The Chiefs wanted Anthony Hancock badly in April of 1982.
Kansas City decided they needed Hancock so badly that the team traded up to make Hancock the first receiver chosen in ’82 NFL Draft.
The 6-0, 200 pound ultra-athletic speedster out of Tennessee was projected to be a premier play-maker at the NFL level.
“Anthony had a tremendous combination of size, speed and athletic ability,” former Chiefs player personnel director Les Miller told The Kansas City Star in 1987. “It was almost unmatched. I can remember going to the physical workout (scouting combine) at Tampa that year. It was outdoors, on grass. Every year there are two or three guys who just skyrocket above the rest. Anthony was one of those guys.
“You looked at him and said, ‘Hey, this guy should become a premier wide receiver in the National Football League.”
Hancock’s potential would never materialize.
Kansas City grew tired of waiting for Hancock to develop and waived him following the ’87 training camp. He never caught more than 37 passes in a single year and finished with 15 or fewer receptions in four of his five NFL seasons.
The Chiefs traded first and third-round picks (16th and 73rd overall) to St. Louis for the right to move up and select Hancock 11th overall. St. Louis used the trade to choose Luis Sharpe, a three-time Pro Bowl selection at offensive tackle, with the 16th overall pick.
Once the first nine picks had passed in the ’82 draft, Kansas City felt there were two can’t-miss players available at picks 10 and 11. Whoever the Raiders selected 10th overall didn’t particularly matter. The Chiefs would select the second of what they viewed as two outstanding prospects.
The Raiders selected Pro Football Hall of Fame RB Marcus Allen with the 10th pick.
Allen made the Pro Bowl as a rookie - the first of six career Pro Bowl invites. He was also named first-team All-Pro.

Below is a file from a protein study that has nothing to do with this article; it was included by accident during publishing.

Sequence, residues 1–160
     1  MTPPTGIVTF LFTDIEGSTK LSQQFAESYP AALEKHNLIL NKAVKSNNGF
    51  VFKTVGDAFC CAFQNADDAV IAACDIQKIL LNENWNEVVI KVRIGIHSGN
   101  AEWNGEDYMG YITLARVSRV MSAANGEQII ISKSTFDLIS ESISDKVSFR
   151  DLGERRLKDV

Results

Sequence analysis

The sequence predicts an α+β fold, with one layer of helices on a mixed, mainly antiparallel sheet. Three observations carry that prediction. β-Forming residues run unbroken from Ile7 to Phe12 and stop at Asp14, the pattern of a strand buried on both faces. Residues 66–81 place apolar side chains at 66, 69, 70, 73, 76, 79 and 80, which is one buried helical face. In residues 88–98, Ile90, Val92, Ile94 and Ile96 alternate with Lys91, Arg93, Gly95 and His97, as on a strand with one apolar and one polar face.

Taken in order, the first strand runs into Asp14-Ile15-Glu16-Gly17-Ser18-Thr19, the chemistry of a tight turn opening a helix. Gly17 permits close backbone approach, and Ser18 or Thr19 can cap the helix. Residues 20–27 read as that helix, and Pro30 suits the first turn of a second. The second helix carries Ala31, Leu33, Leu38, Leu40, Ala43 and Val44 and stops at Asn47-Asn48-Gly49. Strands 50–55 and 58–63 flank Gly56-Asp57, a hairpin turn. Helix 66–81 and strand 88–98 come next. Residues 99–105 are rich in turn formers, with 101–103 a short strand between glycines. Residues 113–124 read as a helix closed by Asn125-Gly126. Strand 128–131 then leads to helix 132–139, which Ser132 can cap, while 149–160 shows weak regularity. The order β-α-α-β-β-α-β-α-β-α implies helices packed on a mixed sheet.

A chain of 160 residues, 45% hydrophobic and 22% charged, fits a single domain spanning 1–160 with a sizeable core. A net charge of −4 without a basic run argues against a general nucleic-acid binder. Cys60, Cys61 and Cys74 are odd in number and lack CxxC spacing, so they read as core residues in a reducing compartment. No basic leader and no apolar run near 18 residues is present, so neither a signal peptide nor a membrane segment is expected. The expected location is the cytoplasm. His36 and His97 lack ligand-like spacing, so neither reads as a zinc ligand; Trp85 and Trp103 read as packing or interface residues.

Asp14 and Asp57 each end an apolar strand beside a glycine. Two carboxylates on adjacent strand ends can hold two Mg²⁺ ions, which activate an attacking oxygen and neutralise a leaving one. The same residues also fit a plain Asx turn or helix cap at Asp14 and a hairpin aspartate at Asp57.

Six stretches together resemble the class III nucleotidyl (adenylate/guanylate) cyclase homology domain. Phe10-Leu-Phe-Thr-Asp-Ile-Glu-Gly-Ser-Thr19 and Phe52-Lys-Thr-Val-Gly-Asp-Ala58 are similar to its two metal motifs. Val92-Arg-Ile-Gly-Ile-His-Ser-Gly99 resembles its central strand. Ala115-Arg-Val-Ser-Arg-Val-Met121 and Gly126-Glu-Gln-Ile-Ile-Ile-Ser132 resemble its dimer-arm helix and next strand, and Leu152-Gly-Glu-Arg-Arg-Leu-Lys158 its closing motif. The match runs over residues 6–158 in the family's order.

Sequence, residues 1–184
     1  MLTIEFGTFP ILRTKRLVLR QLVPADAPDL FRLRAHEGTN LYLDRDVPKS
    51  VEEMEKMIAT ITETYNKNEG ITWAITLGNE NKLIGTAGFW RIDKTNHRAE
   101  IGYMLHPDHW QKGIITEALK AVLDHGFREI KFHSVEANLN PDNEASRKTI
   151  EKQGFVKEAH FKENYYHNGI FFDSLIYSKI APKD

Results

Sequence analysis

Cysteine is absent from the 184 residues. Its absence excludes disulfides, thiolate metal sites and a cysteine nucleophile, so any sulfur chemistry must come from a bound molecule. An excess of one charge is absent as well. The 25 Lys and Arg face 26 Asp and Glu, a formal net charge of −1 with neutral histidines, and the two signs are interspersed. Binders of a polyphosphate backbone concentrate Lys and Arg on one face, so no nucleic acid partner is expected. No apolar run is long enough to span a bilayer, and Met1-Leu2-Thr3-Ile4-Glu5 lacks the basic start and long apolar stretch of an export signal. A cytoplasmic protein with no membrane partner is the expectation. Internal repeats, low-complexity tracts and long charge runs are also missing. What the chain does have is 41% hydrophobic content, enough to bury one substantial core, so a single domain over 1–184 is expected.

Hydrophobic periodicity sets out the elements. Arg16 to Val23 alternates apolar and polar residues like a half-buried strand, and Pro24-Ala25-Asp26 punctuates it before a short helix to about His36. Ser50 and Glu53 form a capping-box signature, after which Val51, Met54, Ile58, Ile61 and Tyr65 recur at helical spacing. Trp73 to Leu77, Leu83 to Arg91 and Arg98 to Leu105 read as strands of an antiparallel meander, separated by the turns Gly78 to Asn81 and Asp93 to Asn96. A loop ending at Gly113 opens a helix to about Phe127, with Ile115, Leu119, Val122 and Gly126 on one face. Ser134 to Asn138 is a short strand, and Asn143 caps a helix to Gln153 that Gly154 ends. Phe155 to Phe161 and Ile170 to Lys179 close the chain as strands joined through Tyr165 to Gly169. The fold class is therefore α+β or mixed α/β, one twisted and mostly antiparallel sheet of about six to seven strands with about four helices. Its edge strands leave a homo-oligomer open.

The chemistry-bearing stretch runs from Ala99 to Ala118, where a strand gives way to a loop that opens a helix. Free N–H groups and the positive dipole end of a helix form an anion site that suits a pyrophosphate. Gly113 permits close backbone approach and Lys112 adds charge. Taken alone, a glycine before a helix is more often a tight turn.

Hancock spent his rookie season as the Chiefs third receiver, only after an injury to J.T. Smith elevated him out of the fourth position. He also returned kickoffs and punts.
“I really don’t know why he didn’t pan out,” Miller said. “All the time he was with us – and you can talk about any season you want – you can point to a few plays when he showed flashes of that first-round talent.”
In fairness to Miller and Kansas City’s personnel department, three of the four wide receivers selected in the first round of the ’82 draft underachieved.
Hancock’s 73 career receptions exceeded career totals produced by both Lindsay Scott (selected 13th overall by New Orleans) and Perry Tuttle (selected 19th overall by Buffalo).
Mike Quick wound up being the only productive receiver taken the in the first round that year. He went 20th overall to the Eagles and is now in the Philadelphia Sports Hall of Fame. Quick played nine seasons in Philly, totaling 363 receptions for 6,464 yards and 61 TDs.
“Even though Anthony Hancock did not produce up to the caliber that was expected, you can’t say he was a washout,” Miller said. “Nobody would ever say Anthony Hancock can’t play. You can say that Anthony Hancock did not live up to his abilities.”
Hancock’s greatest play as a Chief might have come during his rookie season when the former All-America hurdler burst past defenders to make a 41-yard diving touchdown catch against the 49ers.
In ’84, Hancock had a huge game against the Bengals scoring on a 46-yard touchdown strike and set up another touchdown with a 46-yard reception. His 109-yard day was the only 100-yard receiving game of his career.
There were flashes. Just too few and far between.
Injuries also played a part in Hancock’s failure to develop. He battled an ankle injury in ’84 and missed most of the ’86 season with the knee injury.
Hancock’s knee again swelled up during the ’87 training camp and caused him to miss most of the preseason. He was cut two days after Kansas City’s final exhibition game.
“I don’t know why it didn’t work out for me in Kansas City,” Hancock said following his release.
“I need to grow. I don’t think I was getting any growth (in Kansas City). Being the fourth receiver with Stephone (Paige), Carlos (Carson) and Henry (Marshall) would do me no good. I’d come in on situational downs and not be able to use my talent on a consistent basis.”
Hancock agreed it was time to move on.
Unfortunately, he never appeared in another NFL game.
*Quotes from this story provided from a Kansas City Star article written by Rick Gosselin on 9/6/87 – “Chiefs finally grew tired of waiting for Hancock to develop.”